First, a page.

Jeff Downer When an arrest warrant is issued there are instances when the defendant is arrested on the warrant while in another state. The process of transferring the defendant to the state which issued the warrant is called extradition.
The extradition procedure is governed by the Uniform Extradition Act (UEC) and is recognized by all 50 states. The defendant may waive going through the procedure or as part of due process the defendant may also challenge being extradited. If the extradition is challenged the court will set a hearing to hear arguments as to why the defendant should not be extradited. The setting of the hearing date must allow the defendant time to adequately prepare.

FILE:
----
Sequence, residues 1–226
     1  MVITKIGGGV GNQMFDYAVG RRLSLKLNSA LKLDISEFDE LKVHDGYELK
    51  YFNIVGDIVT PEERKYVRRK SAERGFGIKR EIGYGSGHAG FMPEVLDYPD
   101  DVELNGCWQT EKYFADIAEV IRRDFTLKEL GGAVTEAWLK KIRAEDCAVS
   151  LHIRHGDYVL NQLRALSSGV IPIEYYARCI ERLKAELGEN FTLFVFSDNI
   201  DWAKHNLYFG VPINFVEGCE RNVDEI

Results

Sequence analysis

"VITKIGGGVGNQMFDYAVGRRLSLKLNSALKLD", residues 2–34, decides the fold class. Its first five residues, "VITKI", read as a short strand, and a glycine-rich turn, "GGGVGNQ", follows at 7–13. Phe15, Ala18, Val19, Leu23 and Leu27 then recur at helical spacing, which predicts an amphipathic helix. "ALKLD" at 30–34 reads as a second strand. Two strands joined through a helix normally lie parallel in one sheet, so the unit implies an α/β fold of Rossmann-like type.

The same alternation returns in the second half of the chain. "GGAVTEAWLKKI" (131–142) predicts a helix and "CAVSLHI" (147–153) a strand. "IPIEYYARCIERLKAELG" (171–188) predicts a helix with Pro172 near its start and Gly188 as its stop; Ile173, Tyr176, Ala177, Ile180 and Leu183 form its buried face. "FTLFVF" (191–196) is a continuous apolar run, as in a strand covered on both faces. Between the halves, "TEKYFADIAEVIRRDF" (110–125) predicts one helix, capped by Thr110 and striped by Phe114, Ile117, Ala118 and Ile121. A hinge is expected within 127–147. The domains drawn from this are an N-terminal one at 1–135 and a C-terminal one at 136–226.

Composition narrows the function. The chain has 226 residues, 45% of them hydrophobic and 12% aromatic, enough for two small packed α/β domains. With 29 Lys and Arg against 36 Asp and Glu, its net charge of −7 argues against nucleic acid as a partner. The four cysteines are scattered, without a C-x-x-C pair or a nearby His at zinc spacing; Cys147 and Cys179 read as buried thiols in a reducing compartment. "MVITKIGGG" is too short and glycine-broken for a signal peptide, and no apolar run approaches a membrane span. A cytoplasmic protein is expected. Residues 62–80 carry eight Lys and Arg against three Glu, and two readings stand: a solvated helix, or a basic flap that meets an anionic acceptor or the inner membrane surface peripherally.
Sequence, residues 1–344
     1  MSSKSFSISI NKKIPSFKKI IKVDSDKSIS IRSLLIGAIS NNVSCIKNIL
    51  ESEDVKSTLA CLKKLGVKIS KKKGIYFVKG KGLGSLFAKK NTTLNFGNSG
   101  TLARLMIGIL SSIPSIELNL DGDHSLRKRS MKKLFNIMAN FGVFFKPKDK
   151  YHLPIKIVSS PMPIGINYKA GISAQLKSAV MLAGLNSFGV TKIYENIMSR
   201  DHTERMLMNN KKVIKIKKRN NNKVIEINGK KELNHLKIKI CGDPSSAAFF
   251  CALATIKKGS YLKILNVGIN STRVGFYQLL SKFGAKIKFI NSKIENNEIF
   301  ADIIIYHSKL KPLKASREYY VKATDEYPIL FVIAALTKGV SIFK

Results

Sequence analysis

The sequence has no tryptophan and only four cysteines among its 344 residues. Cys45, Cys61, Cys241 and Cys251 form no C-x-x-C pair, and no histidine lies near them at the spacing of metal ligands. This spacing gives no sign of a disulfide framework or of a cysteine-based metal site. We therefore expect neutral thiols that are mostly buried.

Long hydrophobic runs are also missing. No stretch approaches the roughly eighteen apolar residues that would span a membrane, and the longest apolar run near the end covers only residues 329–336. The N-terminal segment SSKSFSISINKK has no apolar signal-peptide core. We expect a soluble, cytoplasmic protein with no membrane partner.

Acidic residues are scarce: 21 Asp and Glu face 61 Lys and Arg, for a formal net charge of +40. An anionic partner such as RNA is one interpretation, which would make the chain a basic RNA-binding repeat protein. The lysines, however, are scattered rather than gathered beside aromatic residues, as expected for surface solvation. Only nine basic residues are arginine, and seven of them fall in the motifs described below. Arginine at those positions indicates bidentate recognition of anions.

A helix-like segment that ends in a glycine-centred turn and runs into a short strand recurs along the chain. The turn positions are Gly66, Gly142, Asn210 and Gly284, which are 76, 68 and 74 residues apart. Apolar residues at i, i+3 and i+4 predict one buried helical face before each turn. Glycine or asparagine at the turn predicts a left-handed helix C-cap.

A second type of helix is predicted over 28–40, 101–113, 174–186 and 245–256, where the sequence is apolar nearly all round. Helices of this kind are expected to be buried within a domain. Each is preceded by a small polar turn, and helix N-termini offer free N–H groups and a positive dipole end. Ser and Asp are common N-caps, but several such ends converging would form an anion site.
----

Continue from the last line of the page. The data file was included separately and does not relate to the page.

Per the UEC, while awaiting any hearing or extradition surrender date the defendant must be permitted to post bail:
Unless the offense with which the prisoner is charged is shown to be an offense punishable by death or life imprisonment under the laws of the state in which it was committed, the judge must admit the person arrested to bail by bond or undertaking, with sufficient sureties, and in such sum as he deems proper, for his appearance before him at a time specified in such bond or undertaking, and for his surrender, to be arrested upon the warrant of the governor of this state.
Note that an extradition bond is meant only to insure appearances during the extradition process. Once a defendant is extradited, another bail bond may be required for release while awaiting trial for the underlying case.